• 13. Compression
    • Huffman
    • Short codewords to those input blocks with high probabilities and long codewords to those with low probabilities.
    • This concept is similar to that of the Morse code .
    • Lempel-Ziv
    • parse the input sequence into non-overlapping blocks of different lengths while constructing a dictionary of blocks seen thus far
    • LZ Example:
    • “ Ask not what your country can do for you -- ask what you can do for your country” JFK
    •  
    1. ask 2. what 3. your 4. country 5. can 6. do 7. for 8. you &quot;1 not 2 3 4 5 6 7 8 -- 1 2 8 5 6 7 3 4&quot; from http://computer.howstuffworks.com/file-compression2.htm
  • 14. A few words about audio compression
    • Analog signal sampled at constant rate
      • telephone: 8,000 samples/sec
      • CD music: 44,100 samples/sec
    • Each sample quantized, ie, rounded
      • eg, 2 8 =256 possible quantized values
    • Each quantized value represented by bits
      • 8 bits for 256 values
    • Example: 8,000 samples/sec, 256 quantized values --> 64,000 bps
    • Receiver converts it back to analog signal:
      • some quality reduction
    • Example rates
    • CD: 1.411 Mbps
    • MP3: 96, 128, 160 kbps
    • Internet telephony: 5.3 - 13 kbps
    http://www. sericyb .com.au/audio. htm
  • 15. A few words about video compression
    • Video is sequence of images displayed at constant rate
      • e.g. 24 images/sec
    • Digital image is array of pixels
    • Each pixel represented by bits
    • Redundancy
      • spacial
      • temporal
    • Examples:
    • MPEG 1 (CD-ROM) 1.5 Mbps
    • MPEG2 (DVD) 3-6 Mbps
    • MPEG4 (often used in Internet, < 1 Mbps)
    • Research:
    • Layered (scalable) video
      • adapt layers to available bandwidth
  • 16. Chapter 6 outline
    • 6.1 Multimedia Networking Applications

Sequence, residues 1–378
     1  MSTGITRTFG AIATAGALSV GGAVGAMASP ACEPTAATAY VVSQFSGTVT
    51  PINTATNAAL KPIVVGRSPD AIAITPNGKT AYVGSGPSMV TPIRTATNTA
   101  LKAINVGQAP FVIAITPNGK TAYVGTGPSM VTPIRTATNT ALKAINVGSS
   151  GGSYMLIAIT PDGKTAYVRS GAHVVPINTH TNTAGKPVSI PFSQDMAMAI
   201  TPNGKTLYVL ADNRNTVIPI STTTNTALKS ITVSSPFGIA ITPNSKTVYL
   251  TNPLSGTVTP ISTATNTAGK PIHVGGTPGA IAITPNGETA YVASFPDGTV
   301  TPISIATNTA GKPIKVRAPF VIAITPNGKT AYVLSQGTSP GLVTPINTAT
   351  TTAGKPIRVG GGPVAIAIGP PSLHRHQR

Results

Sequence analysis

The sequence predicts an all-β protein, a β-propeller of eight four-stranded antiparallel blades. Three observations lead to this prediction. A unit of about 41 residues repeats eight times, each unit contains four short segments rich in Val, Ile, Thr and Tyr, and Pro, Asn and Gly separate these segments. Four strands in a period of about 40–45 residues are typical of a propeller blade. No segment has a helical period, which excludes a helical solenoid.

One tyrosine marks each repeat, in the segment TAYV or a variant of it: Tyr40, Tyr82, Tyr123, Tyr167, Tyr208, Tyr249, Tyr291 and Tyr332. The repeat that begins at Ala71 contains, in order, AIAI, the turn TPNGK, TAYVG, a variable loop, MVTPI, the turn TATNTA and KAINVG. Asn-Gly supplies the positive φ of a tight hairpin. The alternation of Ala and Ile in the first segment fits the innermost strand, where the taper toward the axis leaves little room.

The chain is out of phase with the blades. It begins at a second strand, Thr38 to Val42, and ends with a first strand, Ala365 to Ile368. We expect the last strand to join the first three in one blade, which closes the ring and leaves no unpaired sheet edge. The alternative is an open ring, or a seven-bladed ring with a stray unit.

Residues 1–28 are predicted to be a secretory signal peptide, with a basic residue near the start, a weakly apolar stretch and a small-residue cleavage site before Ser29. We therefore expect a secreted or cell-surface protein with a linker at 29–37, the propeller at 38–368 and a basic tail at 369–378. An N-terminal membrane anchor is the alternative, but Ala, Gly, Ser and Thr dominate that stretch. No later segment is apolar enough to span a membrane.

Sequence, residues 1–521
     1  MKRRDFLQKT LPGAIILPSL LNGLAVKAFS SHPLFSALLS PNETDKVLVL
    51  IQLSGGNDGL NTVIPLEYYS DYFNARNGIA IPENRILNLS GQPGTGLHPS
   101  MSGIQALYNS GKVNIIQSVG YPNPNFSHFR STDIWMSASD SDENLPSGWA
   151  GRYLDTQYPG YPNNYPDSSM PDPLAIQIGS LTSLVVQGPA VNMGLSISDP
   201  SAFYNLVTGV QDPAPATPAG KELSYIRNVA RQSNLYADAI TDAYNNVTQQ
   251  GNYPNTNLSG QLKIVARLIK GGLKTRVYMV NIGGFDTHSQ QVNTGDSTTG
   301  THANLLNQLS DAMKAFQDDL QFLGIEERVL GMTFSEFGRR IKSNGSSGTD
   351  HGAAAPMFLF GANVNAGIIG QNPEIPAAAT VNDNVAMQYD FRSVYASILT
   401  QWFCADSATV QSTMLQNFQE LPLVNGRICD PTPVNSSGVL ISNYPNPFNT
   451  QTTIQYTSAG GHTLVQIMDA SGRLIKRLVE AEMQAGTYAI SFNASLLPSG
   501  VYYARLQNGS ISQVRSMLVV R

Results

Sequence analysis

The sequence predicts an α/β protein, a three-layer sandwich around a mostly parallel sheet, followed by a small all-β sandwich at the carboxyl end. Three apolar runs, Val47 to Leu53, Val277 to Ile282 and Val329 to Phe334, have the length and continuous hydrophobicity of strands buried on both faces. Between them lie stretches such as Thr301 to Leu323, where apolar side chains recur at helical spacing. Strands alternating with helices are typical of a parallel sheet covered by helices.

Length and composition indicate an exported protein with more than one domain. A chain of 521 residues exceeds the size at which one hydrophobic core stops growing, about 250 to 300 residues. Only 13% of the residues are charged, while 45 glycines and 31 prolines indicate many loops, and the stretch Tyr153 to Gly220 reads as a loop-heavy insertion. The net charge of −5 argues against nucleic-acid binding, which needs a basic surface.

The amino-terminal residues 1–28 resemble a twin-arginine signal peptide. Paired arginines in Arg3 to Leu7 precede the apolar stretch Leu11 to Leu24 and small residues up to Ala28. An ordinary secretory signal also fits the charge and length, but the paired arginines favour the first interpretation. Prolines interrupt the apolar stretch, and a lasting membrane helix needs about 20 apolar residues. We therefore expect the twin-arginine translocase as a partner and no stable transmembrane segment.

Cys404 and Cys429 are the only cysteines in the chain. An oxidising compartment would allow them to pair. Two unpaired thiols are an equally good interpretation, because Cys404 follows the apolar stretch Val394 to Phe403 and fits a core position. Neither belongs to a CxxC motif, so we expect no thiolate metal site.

• 6.2 Streaming stored audio and video
      • RTSP
    • 6.3 Real-time Multimedia: Internet Phone Case Study
    • 6.4 Protocols for Real-Time Interactive Applications
      • RTP,RTCP
      • SIP
    • 6.5 Beyond Best Effort
    • 6.6 Scheduling and Policing Mechanisms
    • 6.7 Integrated Services
    • 6.8 RSVP
    • 6.9 Differentiated Services
  • 17. Streaming Stored Multimedia
    • Process:
    • Client requests a/v files from server
    • Server directs files to client via a TCP or UDP socket
    • File is segmented
    • Client begins to render file within seconds of receiving it
    • jitter removal
    • decompression
    • error concealment
    • graphical user interface w/ controls for interactivity
    Media Player
    • Errors:
    • Reconstruct
    • Retransmission
    • Mask
  • 18. Internet multimedia: simplest approach
    • audio or video stored in file
    • files transferred as HTTP object
      • received in entirety at client
      • then passed to player
    • audio, video not streamed:
    • no, “pipelining,” long delays until playout!
  • 19. Internet multimedia: streaming approach
    • browser GETs metafile
    • browser launches player, passing metafile
    • player contacts server
    • server streams audio/video to player
  • 20. Streaming from a streaming server
    • This architecture allows for non-HTTP protocol between server and media player
    • Can also use UDP instead of TCP.
  • 21. Streaming Multimedia: Client Buffering
    • Client-side buffering, playout delay compensate for network-added delay, delay jitter
    constant bit rate video transmission Cumulative data time variable network delay client video reception constant bit rate video playout at client client playout delay buffered video